Many of these new online design options have vetted, experienced experts ready to recommend everything from furniture and color palettes to accessories and cabinets. One benefit of the shift to online services is that the price for such expertise is more affordable and transparent from the start. If you’ve got a client who’s looking to remodel or redesign their home, consider these options. Some offer a visit to a home; some work only through online chats and videos.
Decor Aid is a New York–based firm that charges $150 per hour in packages of five or 10 hours of design help, though its design team starts with a free consultation. Though many of the firm’s clients are homeowners, real estate salespeople also find the design service useful in primping rooms for resale, according to cofounder Sean Juneja. The company has 250 designers on its platform—some are in-house and others are freelancers—in many of the country’s major metropolitan areas. The vast majority of designers will visit a client’s home to offer their services. In either case, they provide a floor plan and pass on the firm’s trade discounts when furniture and other items are purchased through the service.
Founded by Gretchen Hansen when she experienced difficulty furnishing her home, San Francisco–based Decorist helps homeowners and salespeople through one of three packages, priced at $299, $599, and $1,299. The price differences reflect the designer’s level of expertise; clients have 400 to choose among, mostly freelancers. Each designer provides two different “concept boards” of options for any given room based on a questionnaire homeowners fill out and measurements and photos of the space. Designer and client go back and forth until they reach agreement. The service also provides clients a shopping list, floor plan, and installation instructions. For items that aren’t available online, the company offers recommendations for local craftspeople or shops. For those who have a hard time visualizing the results, the company offers a 3-D rendering for an additional $199.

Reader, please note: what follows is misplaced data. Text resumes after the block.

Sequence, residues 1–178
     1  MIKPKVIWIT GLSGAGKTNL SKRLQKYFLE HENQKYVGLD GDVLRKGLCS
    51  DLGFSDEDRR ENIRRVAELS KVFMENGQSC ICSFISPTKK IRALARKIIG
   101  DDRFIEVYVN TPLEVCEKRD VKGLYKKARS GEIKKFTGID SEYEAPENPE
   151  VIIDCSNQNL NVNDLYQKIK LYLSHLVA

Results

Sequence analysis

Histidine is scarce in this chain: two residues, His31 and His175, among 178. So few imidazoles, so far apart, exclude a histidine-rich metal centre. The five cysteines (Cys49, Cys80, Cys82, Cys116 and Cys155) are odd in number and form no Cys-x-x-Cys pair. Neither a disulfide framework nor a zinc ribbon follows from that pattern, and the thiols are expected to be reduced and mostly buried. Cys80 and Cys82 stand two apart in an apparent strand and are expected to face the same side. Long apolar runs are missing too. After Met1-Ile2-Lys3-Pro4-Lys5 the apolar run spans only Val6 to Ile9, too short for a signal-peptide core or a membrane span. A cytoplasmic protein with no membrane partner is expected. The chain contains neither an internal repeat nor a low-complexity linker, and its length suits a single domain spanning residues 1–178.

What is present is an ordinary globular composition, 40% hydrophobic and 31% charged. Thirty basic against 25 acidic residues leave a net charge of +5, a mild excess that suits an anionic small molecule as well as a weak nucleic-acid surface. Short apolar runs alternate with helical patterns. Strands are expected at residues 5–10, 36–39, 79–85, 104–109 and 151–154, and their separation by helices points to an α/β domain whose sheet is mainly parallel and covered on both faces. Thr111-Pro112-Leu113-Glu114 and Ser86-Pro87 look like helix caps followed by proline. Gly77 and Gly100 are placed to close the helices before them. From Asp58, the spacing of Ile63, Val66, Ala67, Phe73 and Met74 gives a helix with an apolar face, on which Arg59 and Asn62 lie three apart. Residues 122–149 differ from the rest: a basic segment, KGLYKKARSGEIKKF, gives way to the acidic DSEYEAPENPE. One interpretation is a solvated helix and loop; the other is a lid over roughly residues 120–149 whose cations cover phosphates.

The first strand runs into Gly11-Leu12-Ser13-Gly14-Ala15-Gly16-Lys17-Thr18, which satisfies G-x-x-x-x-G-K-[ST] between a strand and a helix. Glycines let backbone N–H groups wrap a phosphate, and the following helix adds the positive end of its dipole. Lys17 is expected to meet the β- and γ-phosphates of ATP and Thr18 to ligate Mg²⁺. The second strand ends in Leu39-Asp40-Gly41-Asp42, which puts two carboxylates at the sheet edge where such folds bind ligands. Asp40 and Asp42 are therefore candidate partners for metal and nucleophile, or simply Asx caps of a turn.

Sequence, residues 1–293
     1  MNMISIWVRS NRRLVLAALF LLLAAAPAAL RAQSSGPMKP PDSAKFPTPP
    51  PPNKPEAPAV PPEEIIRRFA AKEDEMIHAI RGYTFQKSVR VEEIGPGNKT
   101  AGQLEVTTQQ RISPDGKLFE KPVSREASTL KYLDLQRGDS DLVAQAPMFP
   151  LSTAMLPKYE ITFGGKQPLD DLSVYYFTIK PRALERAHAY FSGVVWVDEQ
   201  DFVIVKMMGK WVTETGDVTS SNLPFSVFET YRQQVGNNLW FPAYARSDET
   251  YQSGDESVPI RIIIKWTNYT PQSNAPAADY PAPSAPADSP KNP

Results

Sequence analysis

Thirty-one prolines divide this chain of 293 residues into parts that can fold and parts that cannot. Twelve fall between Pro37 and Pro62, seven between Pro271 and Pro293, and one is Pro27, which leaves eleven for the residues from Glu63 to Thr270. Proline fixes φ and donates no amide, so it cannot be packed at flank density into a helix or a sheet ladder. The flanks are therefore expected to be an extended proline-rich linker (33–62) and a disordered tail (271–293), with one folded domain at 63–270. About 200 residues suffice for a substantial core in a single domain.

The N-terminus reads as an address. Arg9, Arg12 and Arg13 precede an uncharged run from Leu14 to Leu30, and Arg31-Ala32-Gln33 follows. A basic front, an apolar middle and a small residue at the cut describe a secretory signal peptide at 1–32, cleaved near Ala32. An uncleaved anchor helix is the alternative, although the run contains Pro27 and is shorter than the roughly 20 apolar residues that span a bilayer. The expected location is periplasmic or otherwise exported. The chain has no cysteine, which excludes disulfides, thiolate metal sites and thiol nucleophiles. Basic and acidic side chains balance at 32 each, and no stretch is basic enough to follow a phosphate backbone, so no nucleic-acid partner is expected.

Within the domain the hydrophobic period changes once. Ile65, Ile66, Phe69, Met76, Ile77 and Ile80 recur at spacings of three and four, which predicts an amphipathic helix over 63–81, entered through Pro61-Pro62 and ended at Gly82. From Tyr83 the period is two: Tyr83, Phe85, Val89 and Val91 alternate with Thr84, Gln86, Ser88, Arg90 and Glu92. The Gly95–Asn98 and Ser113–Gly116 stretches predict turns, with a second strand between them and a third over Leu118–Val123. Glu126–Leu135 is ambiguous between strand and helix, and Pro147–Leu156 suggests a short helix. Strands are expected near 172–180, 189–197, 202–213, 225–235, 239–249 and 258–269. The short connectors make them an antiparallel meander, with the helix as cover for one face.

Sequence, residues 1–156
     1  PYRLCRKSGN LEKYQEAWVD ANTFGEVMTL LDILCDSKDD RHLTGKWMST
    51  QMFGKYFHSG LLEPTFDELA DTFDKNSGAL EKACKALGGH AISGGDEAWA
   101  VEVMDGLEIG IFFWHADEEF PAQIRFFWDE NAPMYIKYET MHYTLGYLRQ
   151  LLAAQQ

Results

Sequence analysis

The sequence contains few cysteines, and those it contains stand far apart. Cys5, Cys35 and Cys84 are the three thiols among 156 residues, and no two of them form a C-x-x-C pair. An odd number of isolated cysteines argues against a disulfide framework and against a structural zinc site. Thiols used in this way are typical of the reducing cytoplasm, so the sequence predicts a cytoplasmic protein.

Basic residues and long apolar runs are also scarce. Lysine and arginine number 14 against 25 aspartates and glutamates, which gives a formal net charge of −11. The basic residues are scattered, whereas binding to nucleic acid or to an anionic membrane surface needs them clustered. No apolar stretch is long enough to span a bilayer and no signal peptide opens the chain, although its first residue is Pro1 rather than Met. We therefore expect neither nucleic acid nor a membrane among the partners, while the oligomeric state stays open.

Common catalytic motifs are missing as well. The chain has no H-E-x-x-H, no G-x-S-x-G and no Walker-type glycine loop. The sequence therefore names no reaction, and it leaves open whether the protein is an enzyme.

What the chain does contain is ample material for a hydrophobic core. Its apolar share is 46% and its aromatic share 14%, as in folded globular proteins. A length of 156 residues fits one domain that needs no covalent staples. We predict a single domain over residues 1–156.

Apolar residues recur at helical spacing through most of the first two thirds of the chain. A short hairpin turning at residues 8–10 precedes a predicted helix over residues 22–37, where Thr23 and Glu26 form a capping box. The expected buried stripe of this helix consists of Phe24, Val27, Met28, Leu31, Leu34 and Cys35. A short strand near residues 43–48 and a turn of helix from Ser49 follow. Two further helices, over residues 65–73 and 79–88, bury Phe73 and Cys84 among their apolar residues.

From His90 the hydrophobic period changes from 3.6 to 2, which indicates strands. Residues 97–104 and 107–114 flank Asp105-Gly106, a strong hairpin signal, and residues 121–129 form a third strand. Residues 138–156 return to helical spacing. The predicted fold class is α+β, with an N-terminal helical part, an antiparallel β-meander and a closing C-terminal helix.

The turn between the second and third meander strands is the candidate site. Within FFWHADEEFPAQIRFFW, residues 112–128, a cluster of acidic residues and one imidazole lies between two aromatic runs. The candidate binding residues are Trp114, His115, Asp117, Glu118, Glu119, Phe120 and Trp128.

The 500 designers working with New York–based HomePolish offer services across the nation—some as full-time staff and others freelancing. All charge an hourly rate of $130 with a minimum of 10 hours. Projects range from just one room to an extensive gut rehab of the entire house. The company matches a designer with projects based on a phone conversation and provides a free consultation to start. While many clients receive multiple in-person visits, those living in locales with no available designer are served through video consultations. The company creates a shopping list based on the design (along with its industry discount) and a floor plan. Since HomePolish started five years ago, the company has seen its clientele shift from younger home owners seeking help on a budget to those wanting advice for bigger, more luxurious projects, says founder Orlando Soria.
Because newly remodeled kitchens rank high on many home buyers’ lists, it’s perhaps no surprise that one tool is dedicated to this all-important hub of the house. Kitchen Visualizer, developed by Quote Countertops in conjunction with Colonial Marble & Granite, an industry fabricator and installer in King of Prussia, Pa., helps homeowners imagine how different colored kitchen appliances, cabinets, backsplashes, countertops, sinks, faucets, and more will look in the most typical kitchen designs, whether L-shaped, galley, island, or a few other configurations. While users cannot upload their own photos or imagine exotic materials or unusual appliances not carried by Colonial Marble & Granite, the variety is still wide enough to give an idea of what a dated kitchen might look like with a refresh. “This saves time so the homeowners and any professionals working with them don’t have to go to multiple kitchen showrooms, but can play with design and colors from the comfort of their home or office,” Bethell says. Since it includes pricing information, the tool can also help a real estate salesperson estimate how much it might cost to update an outdated kitchen.